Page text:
We also released two new mezze episodes: one on how a dysfunctional regulatory system makes cooperation in renewables difficult in Lebanon, adapted from a vignette in Will's new report, and another on years of rising Chinese tourism to Israel. 

On March 22, as part of the rollout for Will's report, the Middle East Program hosted a panel discussion about international efforts to support resilient renewable energy infrastructure in fragile states in the Middle East. The panel featured Matthew D. Steinhelfer, Deputy Assistant Secretary in the Bureau of Conflict and Stabilization Operations at the U.S. Department of State, Christina Abi Haidar, a Lebanese lawyer and renewable energy expert, Dr. Paul Noumba Um, the World Bank’s director of infrastructure for the MENA region, alongside Will Todman, and moderated by Jon. You can watch the event here

On April 17 from 2:00 to 3:00 pm. the Middle East Program will host Professor Steffen Hertog for a discussion on his new book Locked Out of Development. In the book, Professor Hertog argues that several factors combine in Arab economies to create a "segmented market economy" that eschews effective cooperation between the state, businesses, and labor. You can register for the event here.

In the News
Jon told Barron’s that although Saudi Arabia and Iran are resuming diplomatic relations, their opposing interests in regional conflicts are likely to cause tensions to remain high. In Yemen, Jon said “the Iranians have greater ability to spin up the Houthis than to spin them down.” (3/17/23)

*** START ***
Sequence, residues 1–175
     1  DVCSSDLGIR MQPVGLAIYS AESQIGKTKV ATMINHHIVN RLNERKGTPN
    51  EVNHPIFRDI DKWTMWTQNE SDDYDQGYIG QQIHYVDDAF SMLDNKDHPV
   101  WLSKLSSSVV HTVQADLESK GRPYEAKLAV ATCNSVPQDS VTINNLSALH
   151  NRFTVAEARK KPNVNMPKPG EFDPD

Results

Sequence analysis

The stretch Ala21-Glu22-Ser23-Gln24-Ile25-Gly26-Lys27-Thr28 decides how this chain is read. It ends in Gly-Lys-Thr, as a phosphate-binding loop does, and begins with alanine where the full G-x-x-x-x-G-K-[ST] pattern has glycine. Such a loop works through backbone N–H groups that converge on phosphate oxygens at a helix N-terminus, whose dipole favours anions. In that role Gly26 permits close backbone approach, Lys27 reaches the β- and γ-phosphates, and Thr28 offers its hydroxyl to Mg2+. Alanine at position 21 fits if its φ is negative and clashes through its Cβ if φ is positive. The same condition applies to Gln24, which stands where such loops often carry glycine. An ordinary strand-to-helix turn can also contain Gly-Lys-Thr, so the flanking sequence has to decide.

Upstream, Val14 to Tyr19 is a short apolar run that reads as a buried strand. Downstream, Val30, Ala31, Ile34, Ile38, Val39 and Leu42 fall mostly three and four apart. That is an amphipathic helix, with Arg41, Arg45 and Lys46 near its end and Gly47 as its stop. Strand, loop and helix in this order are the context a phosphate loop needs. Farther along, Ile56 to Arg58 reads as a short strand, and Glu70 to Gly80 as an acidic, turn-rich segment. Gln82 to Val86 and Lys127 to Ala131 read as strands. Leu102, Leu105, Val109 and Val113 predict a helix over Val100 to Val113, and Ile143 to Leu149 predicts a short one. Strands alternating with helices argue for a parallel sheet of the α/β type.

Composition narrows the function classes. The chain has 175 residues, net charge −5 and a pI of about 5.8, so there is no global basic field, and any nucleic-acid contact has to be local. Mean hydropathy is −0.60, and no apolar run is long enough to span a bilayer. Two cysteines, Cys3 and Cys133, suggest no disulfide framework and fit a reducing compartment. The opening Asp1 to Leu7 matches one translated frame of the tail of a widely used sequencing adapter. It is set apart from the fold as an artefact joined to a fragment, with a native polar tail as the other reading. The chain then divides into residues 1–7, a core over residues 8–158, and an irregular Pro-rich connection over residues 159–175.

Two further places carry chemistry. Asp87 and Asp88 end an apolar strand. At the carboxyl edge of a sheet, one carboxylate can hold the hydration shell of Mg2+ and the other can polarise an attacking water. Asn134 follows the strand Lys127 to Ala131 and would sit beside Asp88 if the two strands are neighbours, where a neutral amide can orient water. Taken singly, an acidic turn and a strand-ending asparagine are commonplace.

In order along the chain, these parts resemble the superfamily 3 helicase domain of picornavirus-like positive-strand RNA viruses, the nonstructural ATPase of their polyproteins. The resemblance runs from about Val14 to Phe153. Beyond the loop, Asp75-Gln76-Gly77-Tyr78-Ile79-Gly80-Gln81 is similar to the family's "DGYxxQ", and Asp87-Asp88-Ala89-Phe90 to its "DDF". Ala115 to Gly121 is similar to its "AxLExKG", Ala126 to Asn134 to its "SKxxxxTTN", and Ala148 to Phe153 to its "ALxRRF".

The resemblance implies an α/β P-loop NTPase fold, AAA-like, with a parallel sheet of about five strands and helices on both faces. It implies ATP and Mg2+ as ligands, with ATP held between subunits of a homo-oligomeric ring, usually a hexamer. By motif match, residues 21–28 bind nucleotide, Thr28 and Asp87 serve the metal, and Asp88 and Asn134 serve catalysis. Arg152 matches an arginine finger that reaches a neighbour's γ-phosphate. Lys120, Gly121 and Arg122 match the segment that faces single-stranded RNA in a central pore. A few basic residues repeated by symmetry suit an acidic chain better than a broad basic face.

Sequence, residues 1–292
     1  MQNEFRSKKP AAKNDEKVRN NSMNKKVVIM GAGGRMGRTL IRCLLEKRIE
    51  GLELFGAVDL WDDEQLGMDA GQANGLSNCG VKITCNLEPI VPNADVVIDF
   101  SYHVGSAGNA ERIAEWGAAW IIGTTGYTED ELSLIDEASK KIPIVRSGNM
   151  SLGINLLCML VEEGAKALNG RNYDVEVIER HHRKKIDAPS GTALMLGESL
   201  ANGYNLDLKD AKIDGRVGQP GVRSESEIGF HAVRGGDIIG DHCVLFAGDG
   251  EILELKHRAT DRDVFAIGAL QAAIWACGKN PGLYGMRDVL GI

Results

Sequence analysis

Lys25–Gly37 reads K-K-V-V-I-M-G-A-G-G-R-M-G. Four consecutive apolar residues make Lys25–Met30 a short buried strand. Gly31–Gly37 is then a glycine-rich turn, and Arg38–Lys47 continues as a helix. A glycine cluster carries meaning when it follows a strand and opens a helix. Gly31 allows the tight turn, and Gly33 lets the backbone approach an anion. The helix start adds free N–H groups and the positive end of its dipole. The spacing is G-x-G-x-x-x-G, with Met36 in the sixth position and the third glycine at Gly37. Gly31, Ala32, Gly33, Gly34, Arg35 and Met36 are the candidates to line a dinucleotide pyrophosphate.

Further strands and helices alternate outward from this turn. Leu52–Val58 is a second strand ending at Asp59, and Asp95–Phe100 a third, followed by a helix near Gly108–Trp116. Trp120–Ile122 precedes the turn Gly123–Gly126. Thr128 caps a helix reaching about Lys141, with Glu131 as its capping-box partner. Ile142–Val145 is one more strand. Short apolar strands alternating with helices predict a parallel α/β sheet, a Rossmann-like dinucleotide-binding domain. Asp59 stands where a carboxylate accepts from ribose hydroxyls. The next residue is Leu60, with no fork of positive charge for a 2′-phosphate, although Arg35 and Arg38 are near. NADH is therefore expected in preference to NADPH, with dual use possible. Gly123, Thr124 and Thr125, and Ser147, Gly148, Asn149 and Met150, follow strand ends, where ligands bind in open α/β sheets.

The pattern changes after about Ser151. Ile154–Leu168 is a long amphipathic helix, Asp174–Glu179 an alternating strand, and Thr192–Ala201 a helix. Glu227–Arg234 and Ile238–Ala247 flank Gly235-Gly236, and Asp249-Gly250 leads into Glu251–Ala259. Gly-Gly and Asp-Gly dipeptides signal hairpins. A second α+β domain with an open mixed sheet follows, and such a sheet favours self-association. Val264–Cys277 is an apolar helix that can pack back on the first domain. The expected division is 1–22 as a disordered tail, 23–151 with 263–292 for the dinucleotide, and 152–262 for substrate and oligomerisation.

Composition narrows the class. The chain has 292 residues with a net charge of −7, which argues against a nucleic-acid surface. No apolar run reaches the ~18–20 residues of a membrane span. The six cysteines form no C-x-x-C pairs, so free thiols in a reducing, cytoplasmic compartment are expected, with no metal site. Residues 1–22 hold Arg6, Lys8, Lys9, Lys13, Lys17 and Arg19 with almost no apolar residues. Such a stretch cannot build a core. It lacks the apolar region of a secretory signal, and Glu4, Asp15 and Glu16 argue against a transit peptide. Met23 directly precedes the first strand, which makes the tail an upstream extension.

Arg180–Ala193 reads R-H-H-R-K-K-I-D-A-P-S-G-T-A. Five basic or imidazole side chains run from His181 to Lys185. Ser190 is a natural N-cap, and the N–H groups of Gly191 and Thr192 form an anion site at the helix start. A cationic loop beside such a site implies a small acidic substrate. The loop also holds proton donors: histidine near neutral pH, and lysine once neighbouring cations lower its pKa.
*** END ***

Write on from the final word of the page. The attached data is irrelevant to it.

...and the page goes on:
Jon also sat down with CNBC to discuss how Saudi Arabia was using the deal to push their own agenda in the region. He said that for Saudi Arabia, the deal was a signal that they are “in control of their own destiny.” (3/12/23)

Jon also spoke to The Wall Street Journal about China’s role in fostering the Saudi-Iran deal. He said the deal allows Chinese leaders “to advance perceptions of their own global role” while undermining the U.S. contention that a U.S.-led rules based order is the only way to advance security. (3/12/23) 

Jon spoke with The Washington Post about the United States’ reaction to the Saudi-Iran deal. He said that the Biden administration was “of two minds” because while it “wants the Saudis to take increasing responsibility for their own security,” the administration wants to blunt China’s influence in the region and doesn’t want Saudi Arabia “freelancing and undermining U.S. security strategies.” (3/10/23) 

Jon told Reuters that Beijing's involvement in the deal adds to a perception of growing Chinese power and influence and contributes to a narrative that the United States' global presence is shrinking. (3/10/23)

Natasha Hall spoke with Middle East Eye about Syria’s warming relations with other Arab states in recent weeks. Natasha said that “this is an inflection point in a four-year trend for actors who want to move forward with normalization,” with high-level diplomats meeting Syrian president Bashar al-Assad and “real material support going to the regime.” (2/27/23) 

Jon B. Alterman
Senior Vice President, Zbigniew Brzezinski Chair in Global Security and Geostrategy, and Director, Middle East Program